The Commonwealth Comment

Thursday, December 03, 2009

Afghanistan, Time to Finish the Job

On Tuesday evening, President Obama set out on keeping one of his main promises, refocusing the United States' attention on Afghanistan.

In the face of vicious conservative critics who relentlessly screamed about the president taking his time on making a decision on the next move in Afghanistan, Mr. Obama kept his cool. At West Point, he laid out a plan for an additional 30,000 U.S. soldiers on the group in Afghanistan, in addition to several thousand more NATO ally troops. He also noted that depending on the situation like to handover control of the war torn country's security to Afghan forces, and begin withdrawal of troops in July 2011.

Here's my take:

The president has angered folks on either side of the aisle. Conservatives who have been praying for the president to fail, are actually willing to support him. But, they're shouting that he should not have set a date for a troop other words don't have an exit another country the U.S. is currently occupying. Scare tactics at their worst.

Liberals are upset with sending thousands of soldiers to Afghanistan to fight terrorist cells and the oppressive Taliban, both of which have reemerged in the country since the invasion of Iraq in 2003. They would rather focus on the domestic agenda.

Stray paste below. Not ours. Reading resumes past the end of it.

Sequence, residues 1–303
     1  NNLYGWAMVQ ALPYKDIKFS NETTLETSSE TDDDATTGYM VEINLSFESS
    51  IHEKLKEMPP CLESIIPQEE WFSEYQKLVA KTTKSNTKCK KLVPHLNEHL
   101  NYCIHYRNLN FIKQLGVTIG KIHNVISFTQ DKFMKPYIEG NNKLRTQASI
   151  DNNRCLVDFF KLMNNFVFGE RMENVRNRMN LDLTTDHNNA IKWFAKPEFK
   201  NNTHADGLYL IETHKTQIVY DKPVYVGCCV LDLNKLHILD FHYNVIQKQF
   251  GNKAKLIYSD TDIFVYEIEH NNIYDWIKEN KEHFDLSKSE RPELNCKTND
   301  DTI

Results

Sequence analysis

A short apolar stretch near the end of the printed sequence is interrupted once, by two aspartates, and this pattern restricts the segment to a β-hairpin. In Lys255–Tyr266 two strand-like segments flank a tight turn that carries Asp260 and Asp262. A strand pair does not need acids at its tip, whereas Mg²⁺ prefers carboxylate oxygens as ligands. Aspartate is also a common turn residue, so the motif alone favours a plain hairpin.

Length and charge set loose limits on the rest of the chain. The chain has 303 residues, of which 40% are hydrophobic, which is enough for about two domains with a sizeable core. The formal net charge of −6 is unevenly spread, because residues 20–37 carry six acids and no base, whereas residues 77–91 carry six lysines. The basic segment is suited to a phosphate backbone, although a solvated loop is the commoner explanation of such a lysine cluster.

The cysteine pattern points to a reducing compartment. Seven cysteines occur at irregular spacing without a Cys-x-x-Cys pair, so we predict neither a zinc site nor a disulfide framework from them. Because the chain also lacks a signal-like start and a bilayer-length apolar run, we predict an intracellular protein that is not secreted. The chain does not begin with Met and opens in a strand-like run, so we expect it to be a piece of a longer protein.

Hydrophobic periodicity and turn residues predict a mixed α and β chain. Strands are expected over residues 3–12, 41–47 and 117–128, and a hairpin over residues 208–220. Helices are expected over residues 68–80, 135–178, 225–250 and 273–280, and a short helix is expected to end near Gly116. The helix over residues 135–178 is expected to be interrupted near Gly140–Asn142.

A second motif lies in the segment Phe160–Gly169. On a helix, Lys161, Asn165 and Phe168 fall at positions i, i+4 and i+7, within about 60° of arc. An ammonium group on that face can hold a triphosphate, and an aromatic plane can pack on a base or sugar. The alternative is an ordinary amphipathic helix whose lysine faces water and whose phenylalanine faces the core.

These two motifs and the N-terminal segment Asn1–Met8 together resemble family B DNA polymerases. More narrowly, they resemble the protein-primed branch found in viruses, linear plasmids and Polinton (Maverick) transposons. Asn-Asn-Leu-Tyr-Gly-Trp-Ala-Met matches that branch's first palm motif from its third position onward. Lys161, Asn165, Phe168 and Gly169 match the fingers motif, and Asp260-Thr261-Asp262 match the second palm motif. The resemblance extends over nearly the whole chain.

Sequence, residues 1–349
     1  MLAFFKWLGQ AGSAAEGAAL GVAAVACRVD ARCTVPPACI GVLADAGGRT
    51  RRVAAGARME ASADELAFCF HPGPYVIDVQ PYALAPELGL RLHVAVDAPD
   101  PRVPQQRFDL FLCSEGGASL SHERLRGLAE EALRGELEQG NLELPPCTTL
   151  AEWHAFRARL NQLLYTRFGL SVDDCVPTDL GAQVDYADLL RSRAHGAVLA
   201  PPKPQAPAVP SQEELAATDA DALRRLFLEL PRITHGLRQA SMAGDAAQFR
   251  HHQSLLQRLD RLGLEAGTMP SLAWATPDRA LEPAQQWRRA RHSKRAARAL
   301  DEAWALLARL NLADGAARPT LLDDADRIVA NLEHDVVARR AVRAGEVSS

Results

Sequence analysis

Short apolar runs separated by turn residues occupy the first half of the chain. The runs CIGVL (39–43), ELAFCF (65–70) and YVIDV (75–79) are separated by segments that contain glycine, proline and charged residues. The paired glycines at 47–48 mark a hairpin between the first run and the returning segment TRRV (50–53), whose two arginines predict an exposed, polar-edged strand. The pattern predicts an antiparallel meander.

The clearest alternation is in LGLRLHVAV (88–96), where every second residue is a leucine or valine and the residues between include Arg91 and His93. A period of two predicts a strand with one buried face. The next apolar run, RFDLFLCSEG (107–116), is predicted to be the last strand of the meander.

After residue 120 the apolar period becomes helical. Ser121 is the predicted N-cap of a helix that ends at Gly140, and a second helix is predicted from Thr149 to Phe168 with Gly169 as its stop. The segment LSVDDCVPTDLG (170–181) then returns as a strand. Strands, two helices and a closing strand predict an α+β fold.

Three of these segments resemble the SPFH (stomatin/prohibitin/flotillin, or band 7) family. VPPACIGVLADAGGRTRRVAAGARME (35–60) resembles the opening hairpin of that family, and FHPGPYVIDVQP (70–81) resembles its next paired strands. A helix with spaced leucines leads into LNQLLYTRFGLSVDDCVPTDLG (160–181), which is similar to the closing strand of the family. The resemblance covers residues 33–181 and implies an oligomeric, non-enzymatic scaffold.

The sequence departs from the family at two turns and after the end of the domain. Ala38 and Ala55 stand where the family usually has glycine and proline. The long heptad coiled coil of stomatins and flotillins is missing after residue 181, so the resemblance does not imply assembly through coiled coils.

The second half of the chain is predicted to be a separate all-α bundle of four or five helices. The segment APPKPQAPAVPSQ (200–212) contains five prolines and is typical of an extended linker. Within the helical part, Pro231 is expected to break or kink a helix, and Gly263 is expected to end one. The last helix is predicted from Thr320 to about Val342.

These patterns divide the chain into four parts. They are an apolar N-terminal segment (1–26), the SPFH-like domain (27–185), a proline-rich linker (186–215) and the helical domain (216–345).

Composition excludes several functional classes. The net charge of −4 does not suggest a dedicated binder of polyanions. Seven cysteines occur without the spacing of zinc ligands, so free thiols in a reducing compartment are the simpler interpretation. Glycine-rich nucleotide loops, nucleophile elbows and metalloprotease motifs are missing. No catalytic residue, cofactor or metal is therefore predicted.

In my mind, President Obama has made the right call. For the last six years, Afghanistan has been virtually ignored in the shadow of Iraq. Al-Qaeda and the Taliban have come back along the boarder or Pakistan, and pose a greater threat. The addition of 30,000 troops will help dismantle and destroy the terrorist group's operations and force the Taliban out again. In 2001, U.S. forces accomplished these goals in a matter of months, and practically had Osama bin Laden in their grasps. But, the Bush administration took their eye off the ball.

Setting a timetable for the transfer of power and the withdrawal of troops is necessary. It signals to the people of the United States that the government is committed to ending the conflict. But more importantly, it sends a strong message to the people of Afghanistan that the United States is not an occupying power, and to the Afghan government that the country and its security will soon be its own responsibility.

It may be hard to realize it in the midst of an economic recovery, becommitting the country to Afghanistan is extremely important if we as a nation are truly determined to defeat Al-Qaeda. In the 1980s, when the United States helped the Afghans defeat the occupying Soviet Union, we made a major mistake. We did not follow through and help the Afghan people establish infrastructure and build their country. It left Afghanistan's government, but more importantly, its people vulnerable to Islamic extremism and anti-American sentiment.

After 8 long years of this war, and 6 years of little or no progress, it is time to finish the job.

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